Amid COVID-19 deaths and economic decline, a fascist mob stormed the Capitol. If U.S. democracy lives to see another day, it was because of the unprecedented turnout of Black voters, reflecting the mass movement on the streets that continues to put that democracy on trial.
Racism and the resistance to it permeated the election, from the Trump campaign’s appeal to white supremacy to the outpouring of Black organizing and votes, energized by the new stage of revolt sparked by the police murder of George Floyd. However, grave questions remain about where the U.S. and the world are heading. Movements from below will be challenged to resist the calls for “unity” under the capitalist umbrella and to continue to deepen their revolt against a “return to normal.”
In addition to pandemic, climate, and economic disasters, we face the specter of pre-emptive counter-revolution. Self-activity of masses in motion is needed not only to defeat Trump but to move beyond society that breeds Trumpism.
Mass incarceration, and disproportionate treatment by all aspects of the Prison Industrial Complex, is a cultural knee on the neck of the Black community as a whole.
A new generation of revolutionary youth, led by Black youth, joined by youth of all races and many older people, created the most widespread, sustained revolt since the 1960s. Its militance reflected the depth of its challenge to this deadly racist society and the breadth of its support.
Prisoner columnist Robert Taliaferro explores how George Floyd’s death sparked a delayed discussion of race. Will such discussions be sustained once the cameras are turned off and the reporters leave, or will they once again fall short of needed reforms and honest solutions?
The murders of George Floyd, Breonna Taylor, Rekia Boyd, Nina Pop, of legions more, have put American civilization on trial. Black women—many of them very young—have been at the heart of many of the rallies and marches. Here, some voices from the movement.
A statement of solidarity with the U.S. movement against racism and police brutality by the shackdwellers movement in South Africa, Abahlali baseMjondolo.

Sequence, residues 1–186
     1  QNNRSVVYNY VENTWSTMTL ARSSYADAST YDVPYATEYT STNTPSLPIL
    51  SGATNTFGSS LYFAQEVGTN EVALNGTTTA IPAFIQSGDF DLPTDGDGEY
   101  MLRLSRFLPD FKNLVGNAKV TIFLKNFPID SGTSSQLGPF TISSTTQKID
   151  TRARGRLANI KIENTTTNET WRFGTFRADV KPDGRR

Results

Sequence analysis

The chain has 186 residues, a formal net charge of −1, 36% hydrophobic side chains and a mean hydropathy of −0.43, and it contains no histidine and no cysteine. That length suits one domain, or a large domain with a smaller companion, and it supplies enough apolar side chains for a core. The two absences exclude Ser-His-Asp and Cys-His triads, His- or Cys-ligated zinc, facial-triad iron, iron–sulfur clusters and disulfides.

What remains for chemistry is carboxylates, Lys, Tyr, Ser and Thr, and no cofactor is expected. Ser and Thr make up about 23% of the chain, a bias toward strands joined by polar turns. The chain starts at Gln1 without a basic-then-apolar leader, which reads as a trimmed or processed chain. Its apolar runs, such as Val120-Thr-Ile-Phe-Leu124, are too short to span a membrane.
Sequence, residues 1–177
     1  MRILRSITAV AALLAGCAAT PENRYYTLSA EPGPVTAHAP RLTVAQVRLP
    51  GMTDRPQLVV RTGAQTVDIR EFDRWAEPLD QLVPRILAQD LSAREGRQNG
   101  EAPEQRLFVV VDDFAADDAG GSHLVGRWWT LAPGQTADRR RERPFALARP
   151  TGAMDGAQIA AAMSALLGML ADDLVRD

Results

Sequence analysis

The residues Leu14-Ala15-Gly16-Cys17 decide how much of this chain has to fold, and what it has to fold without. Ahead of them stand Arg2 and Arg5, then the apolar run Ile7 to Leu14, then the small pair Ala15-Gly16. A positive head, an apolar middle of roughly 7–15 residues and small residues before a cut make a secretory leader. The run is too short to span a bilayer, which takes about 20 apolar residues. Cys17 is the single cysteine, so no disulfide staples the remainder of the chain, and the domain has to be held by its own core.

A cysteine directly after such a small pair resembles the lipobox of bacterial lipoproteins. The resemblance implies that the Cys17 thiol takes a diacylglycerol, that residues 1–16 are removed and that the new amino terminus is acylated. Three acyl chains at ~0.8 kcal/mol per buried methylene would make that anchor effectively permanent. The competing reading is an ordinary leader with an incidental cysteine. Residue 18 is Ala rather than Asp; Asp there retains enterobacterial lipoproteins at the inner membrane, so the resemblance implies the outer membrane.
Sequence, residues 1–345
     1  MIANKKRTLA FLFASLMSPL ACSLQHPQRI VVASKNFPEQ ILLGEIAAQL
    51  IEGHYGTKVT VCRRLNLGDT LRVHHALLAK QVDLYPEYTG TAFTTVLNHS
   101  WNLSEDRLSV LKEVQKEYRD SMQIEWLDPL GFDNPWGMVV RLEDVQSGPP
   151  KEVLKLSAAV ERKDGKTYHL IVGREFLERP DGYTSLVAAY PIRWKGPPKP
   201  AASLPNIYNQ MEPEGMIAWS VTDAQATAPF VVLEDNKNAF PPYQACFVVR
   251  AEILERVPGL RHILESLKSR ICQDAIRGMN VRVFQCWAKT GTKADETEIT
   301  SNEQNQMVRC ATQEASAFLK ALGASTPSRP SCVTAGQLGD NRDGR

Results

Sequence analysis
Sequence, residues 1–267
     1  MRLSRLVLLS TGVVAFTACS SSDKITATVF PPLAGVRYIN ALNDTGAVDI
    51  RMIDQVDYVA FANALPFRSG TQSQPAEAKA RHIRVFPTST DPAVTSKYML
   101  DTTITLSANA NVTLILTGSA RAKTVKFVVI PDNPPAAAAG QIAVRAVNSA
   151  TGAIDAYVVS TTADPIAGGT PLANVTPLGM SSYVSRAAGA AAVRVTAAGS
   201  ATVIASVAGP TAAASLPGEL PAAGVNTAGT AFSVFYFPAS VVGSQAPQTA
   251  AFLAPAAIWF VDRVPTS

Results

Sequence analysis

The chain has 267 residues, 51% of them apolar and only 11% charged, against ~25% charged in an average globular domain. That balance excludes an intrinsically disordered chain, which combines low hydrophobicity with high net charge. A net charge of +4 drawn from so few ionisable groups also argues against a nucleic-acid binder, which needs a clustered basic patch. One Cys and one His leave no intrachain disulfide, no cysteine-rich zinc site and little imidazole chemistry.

Readers’ views on American civilization on trial, coast to coast; Cops in schools; Police and power; Style and meaning; Sports fans speak; Revolt: where to now? and Health workers speak
Protests of George Floyd’s murder and police brutality in general have erupted all over the U.S. Here are in-person reports of demonstrations in Chicago and the San Francisco Bay Area.
Ex-prisoner Faruq writes about the meaning of looting in racist, capitalist Amerika where police brutality runs rampant.
The relationship between the LGBTQ movement and Black Lives Matter develops through pride celebrations; Gay people face discrimination in Turkmenistan; and the death of Aimee Stephens, the Transgender woman at the center of the Supreme Court case on discrimination by gender identity and sexual orientation.
Girls fight dress codes in Israel; mostly young high school women speak out and plan mass demonstrations against police abuse that arose after the murder of George Floyd.
American civilization never ceases to put itself on trial, as shown once again by the revolt in Minneapolis that quickly spread nationwide, a new moment of revolt in an unprecedented situation.
Since May 29, there have been ongoing demonstrations sparked by the outrage over the police murder of George Floyd. They spread throughout the many San Francisco Bay Area cities including ones not especially known for activism like Walnut Creek.